If you are changing the entire collet, you will need to unscrew it completely. When the cutter is loose, remove this first, then continue until you can turn the collet with your fingers. Ensure the collect goes back into the maslow box.

Put the new collet on and do it up to finger tightness. Fit the cutter, undo a little if you need to. If you leave the cutter slightly proud and loose, when you put the maslow flat against the cutting surface, this will put it in the Z=0 position. Tighten carefully by holding the red button and tightening up clockwise.

If the spindle will not go flush, you need to access webcontrol Z axis control panel. Use webcontrol to raise the spindle up (or down) until Z is flush and press the set Z at 0 button.

Dust extraction

The Maslow generates a large amount of dust, like most CNC woodworking machines. You must connect a dust extractor to the outlet on the sled before cutting and also run the high level dust extractor in the room. Even this won't collect all the dust the Maslow generates, you need to brush down and sweep the around around it after you are done.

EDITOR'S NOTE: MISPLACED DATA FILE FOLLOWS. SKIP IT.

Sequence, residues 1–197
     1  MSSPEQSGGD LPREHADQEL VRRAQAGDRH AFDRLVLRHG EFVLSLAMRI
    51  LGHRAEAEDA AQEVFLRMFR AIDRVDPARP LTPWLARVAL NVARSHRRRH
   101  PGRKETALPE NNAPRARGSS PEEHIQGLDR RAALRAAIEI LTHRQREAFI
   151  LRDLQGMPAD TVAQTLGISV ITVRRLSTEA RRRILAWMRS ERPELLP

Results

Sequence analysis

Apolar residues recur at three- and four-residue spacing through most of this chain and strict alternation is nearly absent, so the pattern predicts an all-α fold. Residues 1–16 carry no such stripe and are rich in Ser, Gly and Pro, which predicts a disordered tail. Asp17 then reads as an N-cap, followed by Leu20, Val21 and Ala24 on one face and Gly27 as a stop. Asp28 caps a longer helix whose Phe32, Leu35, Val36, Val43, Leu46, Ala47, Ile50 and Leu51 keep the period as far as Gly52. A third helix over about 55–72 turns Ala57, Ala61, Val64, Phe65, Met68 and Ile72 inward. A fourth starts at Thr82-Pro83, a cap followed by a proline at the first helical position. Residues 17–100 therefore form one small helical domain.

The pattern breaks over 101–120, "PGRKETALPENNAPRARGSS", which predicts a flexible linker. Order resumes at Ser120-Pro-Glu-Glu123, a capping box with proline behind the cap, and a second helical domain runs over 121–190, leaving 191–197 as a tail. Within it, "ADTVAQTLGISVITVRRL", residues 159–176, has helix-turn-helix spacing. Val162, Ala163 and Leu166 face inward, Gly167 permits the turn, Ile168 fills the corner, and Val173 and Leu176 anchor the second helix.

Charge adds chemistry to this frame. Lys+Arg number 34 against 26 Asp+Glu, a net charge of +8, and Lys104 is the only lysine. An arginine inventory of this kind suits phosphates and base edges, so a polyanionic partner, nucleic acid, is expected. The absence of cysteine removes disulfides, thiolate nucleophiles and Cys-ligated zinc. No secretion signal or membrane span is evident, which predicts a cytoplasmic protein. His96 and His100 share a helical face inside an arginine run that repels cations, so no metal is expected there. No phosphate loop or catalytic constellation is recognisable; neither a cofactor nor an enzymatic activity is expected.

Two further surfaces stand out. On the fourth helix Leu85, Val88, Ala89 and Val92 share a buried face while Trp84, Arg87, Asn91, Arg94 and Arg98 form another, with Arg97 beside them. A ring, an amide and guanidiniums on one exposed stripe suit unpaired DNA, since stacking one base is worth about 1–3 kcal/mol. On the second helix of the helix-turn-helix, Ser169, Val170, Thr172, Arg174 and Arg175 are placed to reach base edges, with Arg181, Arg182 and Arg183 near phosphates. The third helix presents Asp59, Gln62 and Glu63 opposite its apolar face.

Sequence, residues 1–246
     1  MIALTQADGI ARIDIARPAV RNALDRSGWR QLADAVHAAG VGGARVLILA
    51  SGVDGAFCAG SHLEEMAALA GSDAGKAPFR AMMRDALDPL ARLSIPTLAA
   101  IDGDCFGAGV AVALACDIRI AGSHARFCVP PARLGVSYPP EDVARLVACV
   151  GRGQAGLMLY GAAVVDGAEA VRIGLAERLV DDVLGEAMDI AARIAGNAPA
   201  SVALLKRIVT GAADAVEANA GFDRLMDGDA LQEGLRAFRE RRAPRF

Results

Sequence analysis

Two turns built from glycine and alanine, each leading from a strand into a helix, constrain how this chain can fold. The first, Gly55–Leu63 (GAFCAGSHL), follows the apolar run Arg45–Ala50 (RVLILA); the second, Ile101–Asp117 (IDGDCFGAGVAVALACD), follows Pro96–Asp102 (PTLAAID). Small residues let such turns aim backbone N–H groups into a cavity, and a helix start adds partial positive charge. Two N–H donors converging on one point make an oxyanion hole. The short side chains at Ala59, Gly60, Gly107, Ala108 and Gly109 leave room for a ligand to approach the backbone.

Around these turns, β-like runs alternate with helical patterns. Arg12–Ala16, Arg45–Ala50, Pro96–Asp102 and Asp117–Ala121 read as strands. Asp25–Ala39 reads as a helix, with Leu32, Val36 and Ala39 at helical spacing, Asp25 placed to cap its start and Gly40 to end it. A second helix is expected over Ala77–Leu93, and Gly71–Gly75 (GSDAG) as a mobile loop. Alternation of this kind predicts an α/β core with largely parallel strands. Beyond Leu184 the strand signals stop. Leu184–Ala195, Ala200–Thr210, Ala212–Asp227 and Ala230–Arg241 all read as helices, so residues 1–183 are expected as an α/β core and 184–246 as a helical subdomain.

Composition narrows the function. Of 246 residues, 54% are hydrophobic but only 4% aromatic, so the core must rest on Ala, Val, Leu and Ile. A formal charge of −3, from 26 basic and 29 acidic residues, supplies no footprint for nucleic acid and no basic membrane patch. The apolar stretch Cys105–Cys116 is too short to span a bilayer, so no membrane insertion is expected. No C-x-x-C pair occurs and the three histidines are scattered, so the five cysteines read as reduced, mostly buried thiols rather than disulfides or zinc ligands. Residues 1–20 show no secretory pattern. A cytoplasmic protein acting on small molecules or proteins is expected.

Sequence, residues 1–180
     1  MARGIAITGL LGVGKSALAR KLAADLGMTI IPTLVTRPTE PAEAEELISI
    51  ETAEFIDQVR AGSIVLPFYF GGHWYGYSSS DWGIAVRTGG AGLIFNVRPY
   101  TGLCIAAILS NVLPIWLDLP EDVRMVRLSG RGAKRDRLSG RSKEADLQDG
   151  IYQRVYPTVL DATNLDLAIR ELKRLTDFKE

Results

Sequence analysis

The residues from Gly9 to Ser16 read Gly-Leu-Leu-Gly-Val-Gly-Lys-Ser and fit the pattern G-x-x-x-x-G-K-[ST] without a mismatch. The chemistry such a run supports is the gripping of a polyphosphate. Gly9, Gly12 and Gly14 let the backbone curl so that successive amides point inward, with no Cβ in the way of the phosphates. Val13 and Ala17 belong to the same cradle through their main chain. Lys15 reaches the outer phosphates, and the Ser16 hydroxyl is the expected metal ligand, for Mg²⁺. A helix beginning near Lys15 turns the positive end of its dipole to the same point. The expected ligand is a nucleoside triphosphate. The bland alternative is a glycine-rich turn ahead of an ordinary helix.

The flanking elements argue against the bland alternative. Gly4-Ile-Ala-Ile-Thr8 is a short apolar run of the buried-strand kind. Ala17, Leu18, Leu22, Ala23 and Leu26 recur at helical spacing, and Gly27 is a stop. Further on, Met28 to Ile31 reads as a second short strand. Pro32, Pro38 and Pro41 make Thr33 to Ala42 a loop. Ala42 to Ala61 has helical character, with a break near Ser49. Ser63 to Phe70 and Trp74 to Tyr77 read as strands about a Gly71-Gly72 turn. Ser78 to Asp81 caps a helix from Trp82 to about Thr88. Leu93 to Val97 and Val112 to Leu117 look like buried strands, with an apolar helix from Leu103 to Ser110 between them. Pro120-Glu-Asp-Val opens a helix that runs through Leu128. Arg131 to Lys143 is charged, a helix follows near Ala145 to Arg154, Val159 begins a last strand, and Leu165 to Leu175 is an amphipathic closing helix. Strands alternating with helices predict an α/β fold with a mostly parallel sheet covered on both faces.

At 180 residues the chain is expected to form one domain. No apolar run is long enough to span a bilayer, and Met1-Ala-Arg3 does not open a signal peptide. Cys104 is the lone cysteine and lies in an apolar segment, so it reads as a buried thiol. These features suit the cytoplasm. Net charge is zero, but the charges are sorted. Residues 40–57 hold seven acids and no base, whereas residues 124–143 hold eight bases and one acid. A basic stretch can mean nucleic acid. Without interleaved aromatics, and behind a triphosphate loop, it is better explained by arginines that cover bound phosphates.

Starting the cut

Ensure Z is at 0 and the collet is tight & both locks are engaged on the wedges underneath the maslow frame.

Ensure the chains are not wrapped,are on both motors at the top of the maslow and the guides & weights aren't tangled.

Ensure the maslow is roughly in the middle of the sheet.

- Check your design - Turn on the vacuum - Turn on the spindle - Press Start

Feed rates, plunge depths and so on

Max XY movement speed 600mm/min Max XY Size 2440mm x 1220mm. Mileage may vary at the edges of the sheet. Max Z movement speed 300mm/min Z Axis +5mm (max) and -15mm (max - or min if the fancy takes you)

Topics to Expand

  • router bits
  • how to check the calibration of the machine before use
  • how to recalibrate the machine: X & Y, and Z after bit change
  • tips on routing
  • tips on material
  • tips on attachment to the wasteboard
  • how to handle dust
  • z-axis control
  • reflashing the pi upon dr

Maintainers

Tim Neobard Nick Reynolds Steve Ford